A Sikh wedding that takes place as per traditional rituals is undertaken at a Gurdwara, and the ceremony is called Anand Karaj. The literal meaning of Anand Karaj is “A blissful union”. Sikh couples marry in front of the Sikh religious book Guru Granth Sahib, and guests stand or sit around them. After a bit of friendly banter at the entrance, family members and close friends of the groom are greeted and welcomed inside by serving tea and Milni.
Men attending the wedding are on one side of the couple and women are present on the other. The Sikh priest, also known as Giani, reads out a prayer called Ardas from the Guru Granth Sahib. After this, both parents are formally introduced to each other. Other members such as aunts, uncles, and siblings are also introduced. During this entire period and other rituals, good quality Sikh wedding photography in London is done.
Rituals Before the Wedding
A few standard rituals are undertaken some days before the actual wedding. These have unique names and have been described below:
Chunni Chadai – The groom’s family visits the bride’s house here and his mother bride’s head by using a traditional chunni
Kurmai – This is the name given to the engagement ceremony, which marks the starting point of the wedding celebrations. The rituals begin once both families read the holy Guru Granth Sahib together.
Maiya – Before the wedding day, the bridegroom and the bride are not permitted to leave their homes at any time
Mehendi and Chooda – The bride and other women in the house get beautiful mehndi designs on their hands, with the bride getting designs in her feet as well. She wears red and white bangles that are brought by her maternal uncle. These ornaments are first dipped in milk before giving away. The bangles are often attached with Kalires or golden ornaments.
Gharoli – Sisters-in law on both sides bring holy water from the Gurdwara. This is subsequently used by both bride and bridegroom to bathe
Gana – Sacred red threads are tied to the hands of the grooms and brides. The threads are meant to help them get over bad omen.
This is the name given to the four verses chanted when the Sikh couple takes pheras, or go around the Guru Granth Sahib. Wedding hymns that are part of Laavaan are indicative of the four stages of love, the meanings of which have been given below.
Meanings of Verses in the Lavaan Phere
Each verse here has been written by Guru Ram Das, the fourth Sikh Guru. Every verse is sung aloud by Ragis. During this time, the groom and bride walk together with a palla between them. Meanings of the verses are as follows:
The 1st verse enforces marriage as the ultimate state of life for a Sikh
Its 2nd verse is recited to indicate the bride’s feeling of love while leaving behind her earlier life and moving ahead in the direction of a new beginning with her husband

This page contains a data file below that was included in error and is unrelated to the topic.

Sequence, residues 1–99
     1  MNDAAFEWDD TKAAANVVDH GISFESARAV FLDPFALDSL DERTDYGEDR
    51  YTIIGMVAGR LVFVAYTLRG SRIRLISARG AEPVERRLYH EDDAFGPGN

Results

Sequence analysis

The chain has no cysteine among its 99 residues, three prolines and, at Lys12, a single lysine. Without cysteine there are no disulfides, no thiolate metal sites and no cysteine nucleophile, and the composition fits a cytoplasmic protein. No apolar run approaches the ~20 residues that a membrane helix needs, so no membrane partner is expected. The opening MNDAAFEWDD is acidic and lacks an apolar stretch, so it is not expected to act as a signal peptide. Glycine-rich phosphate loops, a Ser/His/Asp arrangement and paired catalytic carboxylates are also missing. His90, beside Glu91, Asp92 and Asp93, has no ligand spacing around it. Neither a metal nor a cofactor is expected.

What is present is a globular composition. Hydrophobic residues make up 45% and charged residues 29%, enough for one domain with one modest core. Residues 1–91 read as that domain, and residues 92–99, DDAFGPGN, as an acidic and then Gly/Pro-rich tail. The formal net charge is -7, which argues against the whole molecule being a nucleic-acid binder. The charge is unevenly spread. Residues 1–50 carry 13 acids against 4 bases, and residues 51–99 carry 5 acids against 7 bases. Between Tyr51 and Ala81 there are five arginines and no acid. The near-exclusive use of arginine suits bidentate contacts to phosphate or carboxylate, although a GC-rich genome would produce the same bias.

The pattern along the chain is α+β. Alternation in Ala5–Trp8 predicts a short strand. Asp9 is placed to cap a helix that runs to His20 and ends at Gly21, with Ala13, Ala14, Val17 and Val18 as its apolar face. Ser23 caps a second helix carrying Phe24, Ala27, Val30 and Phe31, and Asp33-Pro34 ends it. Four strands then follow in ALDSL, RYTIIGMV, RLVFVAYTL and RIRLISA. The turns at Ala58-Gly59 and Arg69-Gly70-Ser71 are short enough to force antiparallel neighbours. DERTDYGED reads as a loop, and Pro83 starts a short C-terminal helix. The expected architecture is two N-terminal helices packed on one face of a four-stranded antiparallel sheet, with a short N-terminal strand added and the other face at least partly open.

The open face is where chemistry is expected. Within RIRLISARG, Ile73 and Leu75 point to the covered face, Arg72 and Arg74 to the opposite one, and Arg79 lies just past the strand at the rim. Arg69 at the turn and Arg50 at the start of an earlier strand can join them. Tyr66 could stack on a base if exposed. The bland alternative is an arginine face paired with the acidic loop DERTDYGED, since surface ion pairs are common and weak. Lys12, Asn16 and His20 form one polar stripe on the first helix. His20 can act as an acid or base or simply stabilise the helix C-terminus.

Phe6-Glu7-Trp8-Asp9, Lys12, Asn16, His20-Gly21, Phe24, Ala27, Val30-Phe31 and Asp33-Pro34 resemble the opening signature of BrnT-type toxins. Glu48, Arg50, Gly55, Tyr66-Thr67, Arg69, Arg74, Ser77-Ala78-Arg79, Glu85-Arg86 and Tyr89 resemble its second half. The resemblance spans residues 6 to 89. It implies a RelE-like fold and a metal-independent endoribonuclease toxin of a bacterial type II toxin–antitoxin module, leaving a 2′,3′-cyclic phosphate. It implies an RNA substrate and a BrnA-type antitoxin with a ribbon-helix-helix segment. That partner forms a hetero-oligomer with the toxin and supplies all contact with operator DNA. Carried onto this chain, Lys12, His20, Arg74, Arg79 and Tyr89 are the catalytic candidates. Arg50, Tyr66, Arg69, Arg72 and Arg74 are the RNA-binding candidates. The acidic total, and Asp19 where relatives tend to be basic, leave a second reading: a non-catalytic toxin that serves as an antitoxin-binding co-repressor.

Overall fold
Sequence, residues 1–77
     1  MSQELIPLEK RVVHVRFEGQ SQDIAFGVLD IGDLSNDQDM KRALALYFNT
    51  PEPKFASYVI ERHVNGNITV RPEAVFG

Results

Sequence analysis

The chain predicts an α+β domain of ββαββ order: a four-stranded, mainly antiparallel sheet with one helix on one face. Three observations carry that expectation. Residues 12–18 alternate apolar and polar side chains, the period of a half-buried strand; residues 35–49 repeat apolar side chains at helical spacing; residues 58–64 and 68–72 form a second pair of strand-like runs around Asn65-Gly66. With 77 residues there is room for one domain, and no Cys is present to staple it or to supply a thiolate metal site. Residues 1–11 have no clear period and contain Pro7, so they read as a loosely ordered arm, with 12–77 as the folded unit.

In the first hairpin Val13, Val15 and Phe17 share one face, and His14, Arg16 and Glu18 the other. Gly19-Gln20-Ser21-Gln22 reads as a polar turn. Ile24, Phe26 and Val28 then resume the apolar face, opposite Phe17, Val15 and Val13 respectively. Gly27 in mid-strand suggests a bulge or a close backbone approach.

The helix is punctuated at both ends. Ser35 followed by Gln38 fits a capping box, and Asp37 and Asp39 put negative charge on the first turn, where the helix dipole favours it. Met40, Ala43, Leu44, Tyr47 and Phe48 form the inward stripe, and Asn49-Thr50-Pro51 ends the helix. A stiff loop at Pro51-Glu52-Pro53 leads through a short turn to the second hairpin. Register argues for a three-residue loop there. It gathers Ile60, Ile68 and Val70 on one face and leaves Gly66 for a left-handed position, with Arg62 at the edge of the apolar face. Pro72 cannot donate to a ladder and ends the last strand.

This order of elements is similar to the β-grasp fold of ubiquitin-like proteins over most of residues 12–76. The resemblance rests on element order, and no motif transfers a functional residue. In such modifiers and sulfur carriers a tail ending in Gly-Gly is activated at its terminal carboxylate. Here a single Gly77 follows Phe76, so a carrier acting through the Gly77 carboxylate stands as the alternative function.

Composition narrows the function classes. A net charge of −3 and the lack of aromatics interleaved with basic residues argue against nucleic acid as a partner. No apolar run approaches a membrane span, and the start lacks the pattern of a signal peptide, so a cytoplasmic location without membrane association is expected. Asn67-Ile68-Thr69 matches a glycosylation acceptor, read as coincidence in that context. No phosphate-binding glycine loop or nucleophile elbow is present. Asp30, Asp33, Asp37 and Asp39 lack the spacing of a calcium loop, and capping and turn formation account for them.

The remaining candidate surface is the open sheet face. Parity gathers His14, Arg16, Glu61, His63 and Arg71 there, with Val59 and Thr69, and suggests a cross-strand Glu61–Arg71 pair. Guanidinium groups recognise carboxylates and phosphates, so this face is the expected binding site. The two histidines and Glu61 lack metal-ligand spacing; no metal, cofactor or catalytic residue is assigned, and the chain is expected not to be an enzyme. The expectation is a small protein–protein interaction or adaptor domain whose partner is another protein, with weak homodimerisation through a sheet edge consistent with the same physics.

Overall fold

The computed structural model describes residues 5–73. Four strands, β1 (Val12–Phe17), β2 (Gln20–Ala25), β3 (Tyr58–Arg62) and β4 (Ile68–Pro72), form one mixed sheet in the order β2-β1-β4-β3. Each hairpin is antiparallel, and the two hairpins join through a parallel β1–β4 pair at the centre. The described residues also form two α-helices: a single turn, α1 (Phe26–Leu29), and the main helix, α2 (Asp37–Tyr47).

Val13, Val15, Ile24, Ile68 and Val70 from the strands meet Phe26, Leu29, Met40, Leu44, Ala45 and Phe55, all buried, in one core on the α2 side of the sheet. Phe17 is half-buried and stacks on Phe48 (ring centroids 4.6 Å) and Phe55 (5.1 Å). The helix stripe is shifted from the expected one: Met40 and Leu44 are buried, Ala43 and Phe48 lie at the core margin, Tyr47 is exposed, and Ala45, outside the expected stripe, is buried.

The 3rd verse is meant to describe the bride’s detachment from external influences and the world, which is replaced by devotion towards her husband. She also vows to live only for him.
The 4th verse brings forward a spiritual union of love and devotion with no chances of separation, and the presence of joy and contentment in life. Upon the end of these verses, Anand Karaj is complete and the bridegroom and bride are declared man and wife.
Every wedding and other events related to it have guests and the brides and grooms wearing a plethora of colours to look grand and classy, and this can only be displayed through the lens of a photographer. Other than the elegant mix and match of outfits, it is also wonderful to see the expressions on various faces at different times. Photographers have to know about the ceremony and other events well enough to be at the right place and at the right time.
Men invited to Sikh weddings are often found wearing Western suits in dark colours, although some may be able to carry off lighter colours. At the Anand Karaj women will be found wearing traditional Punjabi dresses in bright colours. These are usually replaced by plunging necklines and short skirts during the Reception, which is usually a day or two after Anand Karaj.
What do Brides and Bridegrooms Wear?
Photographers will find Sikh brides wearing red lehengas or wedding salwar kameez, both of which are regarded as suitable for the rituals. The bright red colour of the lehenga symbolizes imminent prosperity and auspiciousness in the new life. Bridegrooms on the other hand wear kurtas on which sherwanis are worn. With most Sikh men being tall and broad, these Sherwanis, with their gorgeous print, make them look spectacular, thereby presenting several photo opportunities.